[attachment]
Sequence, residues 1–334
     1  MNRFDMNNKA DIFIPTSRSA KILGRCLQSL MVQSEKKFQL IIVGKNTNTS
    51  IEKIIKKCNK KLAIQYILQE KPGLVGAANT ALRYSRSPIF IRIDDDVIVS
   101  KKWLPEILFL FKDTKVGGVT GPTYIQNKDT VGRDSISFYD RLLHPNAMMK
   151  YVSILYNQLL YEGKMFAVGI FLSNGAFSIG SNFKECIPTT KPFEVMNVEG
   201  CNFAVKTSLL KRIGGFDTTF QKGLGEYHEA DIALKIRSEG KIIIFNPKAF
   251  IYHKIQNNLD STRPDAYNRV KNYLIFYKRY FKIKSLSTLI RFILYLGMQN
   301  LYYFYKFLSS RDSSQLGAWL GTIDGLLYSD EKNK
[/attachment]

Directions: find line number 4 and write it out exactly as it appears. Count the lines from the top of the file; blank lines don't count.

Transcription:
   101  KKWLPEILFL FKDTKVGGVT GPTYIQNKDT VGRDSISFYD RLLHPNAMMK